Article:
New clue about what causes Alzheimer's disease

New research is shedding light on the possible cause of Alzheimer's disease and the surprising role a person's immune system may play in protecting the brain from dementia.

A study in lab mice, conducted by researchers at Duke University, suggests that when Alzheimer's develops, certain immune cells called microglia that normally protect the brain instead start a pattern of activity that dampens the immune system.

The study, published today in the Journal of Neuroscience, opens up the possibility that two of the main suspects in Alzheimer's development -- amyloid plaques and tangles of tau proteins in the brain -- are not acting alone.

"You're finding a molecular pathway that we hadn't thought of at all that might be important for the development of Alzheimer's," said CBS News chief medical correspondent Dr. Jon LaPook.

Instead of just focusing on amyloid plaques and tau proteins, "now they're looking at something new. They're looking at these supportive cells called microglia that are inside the brain, they help to support the surrounding neurons."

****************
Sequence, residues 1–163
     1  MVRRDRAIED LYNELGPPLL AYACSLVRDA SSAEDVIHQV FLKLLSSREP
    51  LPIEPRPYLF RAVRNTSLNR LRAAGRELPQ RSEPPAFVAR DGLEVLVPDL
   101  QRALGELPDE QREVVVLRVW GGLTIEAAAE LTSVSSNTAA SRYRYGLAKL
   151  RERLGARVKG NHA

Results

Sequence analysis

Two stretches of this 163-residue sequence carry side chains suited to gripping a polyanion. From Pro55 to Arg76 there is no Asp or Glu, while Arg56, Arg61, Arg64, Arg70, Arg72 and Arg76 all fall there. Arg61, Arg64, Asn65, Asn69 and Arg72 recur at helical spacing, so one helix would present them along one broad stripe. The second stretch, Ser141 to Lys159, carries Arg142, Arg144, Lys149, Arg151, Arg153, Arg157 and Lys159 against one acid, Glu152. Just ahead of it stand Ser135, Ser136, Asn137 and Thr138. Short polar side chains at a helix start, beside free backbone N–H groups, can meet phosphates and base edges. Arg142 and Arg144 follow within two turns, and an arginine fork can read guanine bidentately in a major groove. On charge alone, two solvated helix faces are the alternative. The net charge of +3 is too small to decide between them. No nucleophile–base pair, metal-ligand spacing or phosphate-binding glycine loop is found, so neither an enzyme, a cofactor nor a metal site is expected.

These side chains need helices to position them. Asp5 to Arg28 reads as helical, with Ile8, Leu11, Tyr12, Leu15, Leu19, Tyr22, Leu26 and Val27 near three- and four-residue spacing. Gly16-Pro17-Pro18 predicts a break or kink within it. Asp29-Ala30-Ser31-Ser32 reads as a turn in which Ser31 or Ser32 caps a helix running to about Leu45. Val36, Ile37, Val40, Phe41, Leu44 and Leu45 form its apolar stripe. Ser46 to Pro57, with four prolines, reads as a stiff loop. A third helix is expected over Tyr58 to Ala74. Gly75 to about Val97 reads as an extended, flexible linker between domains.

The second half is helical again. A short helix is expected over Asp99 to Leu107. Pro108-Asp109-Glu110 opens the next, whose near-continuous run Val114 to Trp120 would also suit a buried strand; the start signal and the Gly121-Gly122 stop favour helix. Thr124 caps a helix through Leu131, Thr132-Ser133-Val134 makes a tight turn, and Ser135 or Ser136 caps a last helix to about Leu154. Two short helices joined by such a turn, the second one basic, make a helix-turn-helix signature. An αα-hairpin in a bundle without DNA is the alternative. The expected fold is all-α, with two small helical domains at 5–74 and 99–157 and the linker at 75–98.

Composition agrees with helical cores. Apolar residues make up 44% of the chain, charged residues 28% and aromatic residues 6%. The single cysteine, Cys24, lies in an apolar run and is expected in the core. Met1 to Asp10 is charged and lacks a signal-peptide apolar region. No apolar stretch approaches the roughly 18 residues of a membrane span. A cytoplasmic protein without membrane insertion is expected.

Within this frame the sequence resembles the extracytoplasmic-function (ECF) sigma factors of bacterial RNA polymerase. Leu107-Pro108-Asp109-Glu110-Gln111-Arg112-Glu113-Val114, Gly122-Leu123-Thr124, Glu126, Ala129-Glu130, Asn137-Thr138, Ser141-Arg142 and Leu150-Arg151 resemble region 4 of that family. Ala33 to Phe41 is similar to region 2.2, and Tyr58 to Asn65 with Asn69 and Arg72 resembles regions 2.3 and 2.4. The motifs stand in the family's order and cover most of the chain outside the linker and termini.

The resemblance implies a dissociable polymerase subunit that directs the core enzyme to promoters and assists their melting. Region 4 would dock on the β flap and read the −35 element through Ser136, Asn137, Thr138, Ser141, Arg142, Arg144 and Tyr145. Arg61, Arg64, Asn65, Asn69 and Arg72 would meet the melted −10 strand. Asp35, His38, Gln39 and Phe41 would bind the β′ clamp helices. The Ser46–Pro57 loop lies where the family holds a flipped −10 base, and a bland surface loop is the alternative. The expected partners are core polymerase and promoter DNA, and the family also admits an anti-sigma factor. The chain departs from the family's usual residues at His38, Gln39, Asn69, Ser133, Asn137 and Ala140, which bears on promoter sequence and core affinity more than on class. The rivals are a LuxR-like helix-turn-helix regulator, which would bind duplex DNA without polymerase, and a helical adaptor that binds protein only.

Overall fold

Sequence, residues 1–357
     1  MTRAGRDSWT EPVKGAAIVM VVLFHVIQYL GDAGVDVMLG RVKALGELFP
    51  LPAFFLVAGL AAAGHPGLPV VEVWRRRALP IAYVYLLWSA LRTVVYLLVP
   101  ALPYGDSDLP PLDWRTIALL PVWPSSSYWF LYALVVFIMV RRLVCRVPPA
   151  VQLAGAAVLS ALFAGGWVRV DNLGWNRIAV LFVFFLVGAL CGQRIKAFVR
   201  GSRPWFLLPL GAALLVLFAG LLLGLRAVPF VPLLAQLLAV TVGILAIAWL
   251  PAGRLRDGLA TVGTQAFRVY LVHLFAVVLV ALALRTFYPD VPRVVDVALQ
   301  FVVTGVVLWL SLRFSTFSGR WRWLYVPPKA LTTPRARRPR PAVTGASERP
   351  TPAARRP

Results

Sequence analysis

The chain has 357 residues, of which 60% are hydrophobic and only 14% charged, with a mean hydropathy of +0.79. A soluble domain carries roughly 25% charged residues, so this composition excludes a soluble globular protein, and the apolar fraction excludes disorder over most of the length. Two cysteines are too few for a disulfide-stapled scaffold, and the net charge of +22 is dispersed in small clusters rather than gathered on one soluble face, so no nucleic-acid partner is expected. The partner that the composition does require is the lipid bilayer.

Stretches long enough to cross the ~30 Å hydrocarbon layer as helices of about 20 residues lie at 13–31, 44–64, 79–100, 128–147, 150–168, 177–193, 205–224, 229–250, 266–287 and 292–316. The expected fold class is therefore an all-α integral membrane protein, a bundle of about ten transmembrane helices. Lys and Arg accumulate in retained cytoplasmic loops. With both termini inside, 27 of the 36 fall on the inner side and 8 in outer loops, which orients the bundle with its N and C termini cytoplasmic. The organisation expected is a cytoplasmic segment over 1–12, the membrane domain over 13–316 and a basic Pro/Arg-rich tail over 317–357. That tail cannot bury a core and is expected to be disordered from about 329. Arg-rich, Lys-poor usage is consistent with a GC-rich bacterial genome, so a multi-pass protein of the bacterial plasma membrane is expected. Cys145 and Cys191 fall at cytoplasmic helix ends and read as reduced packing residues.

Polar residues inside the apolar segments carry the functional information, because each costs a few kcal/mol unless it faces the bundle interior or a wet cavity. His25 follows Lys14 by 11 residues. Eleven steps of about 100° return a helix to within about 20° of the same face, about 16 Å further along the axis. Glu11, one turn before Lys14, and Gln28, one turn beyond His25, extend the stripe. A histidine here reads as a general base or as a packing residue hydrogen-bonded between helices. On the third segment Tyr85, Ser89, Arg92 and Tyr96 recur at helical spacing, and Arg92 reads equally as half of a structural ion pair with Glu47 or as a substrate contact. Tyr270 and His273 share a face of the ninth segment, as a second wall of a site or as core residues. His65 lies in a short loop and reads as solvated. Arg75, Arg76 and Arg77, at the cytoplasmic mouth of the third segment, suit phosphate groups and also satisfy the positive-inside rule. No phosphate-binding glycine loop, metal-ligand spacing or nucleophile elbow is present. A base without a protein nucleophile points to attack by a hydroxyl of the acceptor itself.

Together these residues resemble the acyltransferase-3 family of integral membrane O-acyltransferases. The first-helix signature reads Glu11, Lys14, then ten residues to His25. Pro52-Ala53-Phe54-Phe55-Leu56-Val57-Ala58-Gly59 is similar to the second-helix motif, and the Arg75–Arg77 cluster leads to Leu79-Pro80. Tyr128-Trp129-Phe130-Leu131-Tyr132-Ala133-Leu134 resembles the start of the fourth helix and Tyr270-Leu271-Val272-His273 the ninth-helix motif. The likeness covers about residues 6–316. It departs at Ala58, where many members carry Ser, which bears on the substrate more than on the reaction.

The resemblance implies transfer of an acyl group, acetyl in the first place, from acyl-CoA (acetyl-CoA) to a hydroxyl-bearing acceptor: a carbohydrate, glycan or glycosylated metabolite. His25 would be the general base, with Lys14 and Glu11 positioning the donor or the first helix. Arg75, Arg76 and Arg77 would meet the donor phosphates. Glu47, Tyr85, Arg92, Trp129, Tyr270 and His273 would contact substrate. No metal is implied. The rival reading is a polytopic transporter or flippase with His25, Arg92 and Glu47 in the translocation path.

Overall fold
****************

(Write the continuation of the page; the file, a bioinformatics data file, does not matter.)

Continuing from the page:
What happens next -- in mice, anyway -- is that "there's an increase of an enzyme called arginase that comes out of these microglia cells. And arginase lowers the level of an important amino acid called arginine. Arginine is important for the health of neurons of nerve cells," especially in regions of the brain associated with memory.

LaPook explains that this could provide a target for future research and potential drug treatments.

"If they were able to block the enzyme -- can you prevent the development of memory loss and of the amyloid plaques and the nerve death in mice? And they were able to. Somehow this arginine seems to be very important in maintaining the normal health of nerve cells."

Does that mean people should start taking arginine dietary supplements to ward off Alzheimer's? Unfortunately, it doesn't work that way. Arginine in the diet would not get through the blood-brain barrier to the cells that need it.

Much more research is needed, and LaPook points out that studies in mice don't always translate into treatments that work in humans. Still, he calls this "very interesting, exciting research."